The Little Rock Technology Park Authority voted this morning to hire Brent Birch, director of the web design firm FLEX360 at Arkansas Business Publishing Group and ABPG's chief information officer, to direct the tech park. The vote by the seven board members was unanimous. Chair Dr. Mary Good said there was no vote taken on a second choice.
Board members Tom Butler, vice chancellor for administrative and government affairs at the University of Arkansas for Medical Sciences and park sponsor UAMS' representative on the board, and Jay Chesshir, president of the Little Rock Regional Chamber of Commerce, will negotiate a contract with Birch. Good said the board has capped the pay at $100,000.
Birch, if he accepts the job, will work under an interim contract with UAMS, but the Tech Park will pay his salary and benefits. Good said she would like him to start work as soon as possible.
It has yet to be determined where the director's office will be housed. The Tech Park is renovating space at Markham across from the Statehouse Convention Center for its first location; the Central Arkansas Ark Challenge, the start-up competition hosted by Innovate Arkansas, will lease the space from August to December.
The director's job is to work with park sponsors UAMS and the University of Arkansas at Little Rock, Arkansas Children's Hospital, and economic development agencies to recruit tech companies and bring in venture capital.
The Arkansas Venture Center will be the Little Rock Technology Park's tenant in its temporary space in the Block 2 Building on Markham, where it will offer its pre-accelerator and incubation programs for early-stage businesses and its coding classes. Brent Birch, director of the park, said the arrangement will sustain the current momentum of interest in tech startups while the Tech Park works toward a permanent home and "show the tech park is happening." /more/
That bomb you heard going off around noon at the Lafayette Building at Louisiana and Sixth Street was dropped by the Little Rock Downtown Partnership, in the form of a proposed design overlay district for Main Street and its neighbors. /more/
The final "American Encounters" collaboration of the Musee du Louvre, Crystal Bridges Museum of American Art, the High Museum of Art in Atlanta and the Terra Foundation for American Art comes to Arkansas next year when "The Simple Pleasures of Still Life" opens May 16 at CBM in Bentonville. Its first showing is Feb. 5-April 27 at the Louvre.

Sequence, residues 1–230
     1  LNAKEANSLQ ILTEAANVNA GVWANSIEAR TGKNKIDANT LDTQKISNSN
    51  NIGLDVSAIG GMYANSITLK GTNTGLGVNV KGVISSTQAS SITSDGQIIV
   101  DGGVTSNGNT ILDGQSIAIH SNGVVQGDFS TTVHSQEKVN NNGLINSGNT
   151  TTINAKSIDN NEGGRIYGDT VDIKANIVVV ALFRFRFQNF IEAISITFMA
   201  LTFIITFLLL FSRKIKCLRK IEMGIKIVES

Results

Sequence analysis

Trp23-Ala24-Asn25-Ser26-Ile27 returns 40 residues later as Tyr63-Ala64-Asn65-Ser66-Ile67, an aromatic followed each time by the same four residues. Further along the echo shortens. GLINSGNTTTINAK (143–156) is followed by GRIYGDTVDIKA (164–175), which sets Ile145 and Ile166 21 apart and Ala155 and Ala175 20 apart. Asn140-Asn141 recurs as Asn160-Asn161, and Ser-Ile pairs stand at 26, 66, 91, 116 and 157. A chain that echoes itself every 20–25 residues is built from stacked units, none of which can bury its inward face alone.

The Baxter Bulletin reported today on a lawsuit filed on behalf of a Baxter County resident over the Nativity scene that has been erected on the Baxter County Courthouse lawn for decades by local lawyer Rick Spencer.
The New York Times reports that some Republicans are trending away from the lock-em-up-and-throw-away-the-key approach to criminal justice embraced by the party's old guard, in part out of a recognition that minority votes matter now more than ever. Asa Hutchinson wants to reach out to black voters — what better place to start?
National GDP grew by 5 percent in the third quarter, according to a revised figure by the U.S. Commerce Department. Arkansas Business reported yesterday that forecasters also predict a strong year of growth ahead for Arkansas. We're still waiting for Obamacare to deliver its promised economic implosion.
On Nov. 16, 1776, Gen. George Washington stood on the Jersey Palisades and peered across the Hudson River through his telescope as the British tortured American militiamen who had surrendered and then put them to the sword. Hearing the screams of his men, according to an aide, Washington turned and sobbed "with the tenderness of a child."
An independent commission appointed by the governor, legislative leaders and the chief justice began work last week to fulfill part of Issue 3, the constitutional amendment that eased term limits, banned lobbyist gifts to legislators (sort of) and provided a mechanism for pay raises.